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-photos by Michelle Volansky 

 

 

 

 

 

 

Extra Sauce: Food Truck Friday Speed Pass Giveaway

May 4th, 2016

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Calling all food truck fanatics: Celebrate our best new food trucks and the start of Food Truck Friday season with a month of Sauce Speed Pass Giveaways!  Six Best New Food Trucks means six chances to win!

What’s a Speed Pass? These $10 tickets allow you to use an expedited line at one food truck during Food Truck Friday. We’re giving away 6 pairs of Speed Passes throughout May. Here’s how it works:

Staring May 4, we’ll announce the Best New Food Truck of the Day on Instagram and Twitter. Grab lunch from that truck, and while you’re there, look for the Food Truck Friday logo hidden nearby. (Hint: Check trees, benches, parking meters, etc.) Then follow these instructions:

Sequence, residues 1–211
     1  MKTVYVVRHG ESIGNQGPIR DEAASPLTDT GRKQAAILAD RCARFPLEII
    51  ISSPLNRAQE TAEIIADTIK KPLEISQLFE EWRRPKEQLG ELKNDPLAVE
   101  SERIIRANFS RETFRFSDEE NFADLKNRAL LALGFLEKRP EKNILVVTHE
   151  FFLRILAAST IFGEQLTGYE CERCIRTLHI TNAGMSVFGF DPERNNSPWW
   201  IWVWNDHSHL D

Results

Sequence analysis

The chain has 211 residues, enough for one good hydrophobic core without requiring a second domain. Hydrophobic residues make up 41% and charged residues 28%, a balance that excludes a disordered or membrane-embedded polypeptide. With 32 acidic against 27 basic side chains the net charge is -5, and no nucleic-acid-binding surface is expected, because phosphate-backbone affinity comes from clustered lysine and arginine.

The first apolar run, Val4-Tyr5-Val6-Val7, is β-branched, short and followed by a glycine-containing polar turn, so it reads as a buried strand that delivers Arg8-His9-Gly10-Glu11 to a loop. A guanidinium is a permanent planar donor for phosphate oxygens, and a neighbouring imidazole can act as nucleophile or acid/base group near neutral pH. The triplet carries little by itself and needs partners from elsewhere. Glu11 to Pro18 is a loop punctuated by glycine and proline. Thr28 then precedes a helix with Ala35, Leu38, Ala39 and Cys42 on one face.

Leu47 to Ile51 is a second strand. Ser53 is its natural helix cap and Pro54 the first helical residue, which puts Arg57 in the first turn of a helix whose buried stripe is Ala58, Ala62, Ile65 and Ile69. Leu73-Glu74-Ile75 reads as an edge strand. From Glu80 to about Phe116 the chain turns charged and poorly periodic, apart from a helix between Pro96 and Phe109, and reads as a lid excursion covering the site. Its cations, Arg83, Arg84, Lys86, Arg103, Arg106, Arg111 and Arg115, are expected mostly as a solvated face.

1. Snap a photo of yourself with the logo and your meal from our Food Truck of the Day.

2. Post it to Instagram or Twitter and tag @SauceMag and #SauceFoodTruckFriday. We will reply to confirm your post.

3. Present the logo at the Sauce tent at Food Truck Friday to claim your Speed Passes.

Good luck!

 

Edible Weekend: 3 more food-filled events this weekend

May 4th, 2016

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Don’t sit at home and miss out on the food and fun this weekend. Get out and experience these yummy events:

1. Maplewood gets in on the Cinco de Mayo festivities with five full days of food and drink specials at Maya Cafe, including discounted margaritas, sangria, tequila cocktails, tacos and live music. May 3 to 7, mayacafestl.com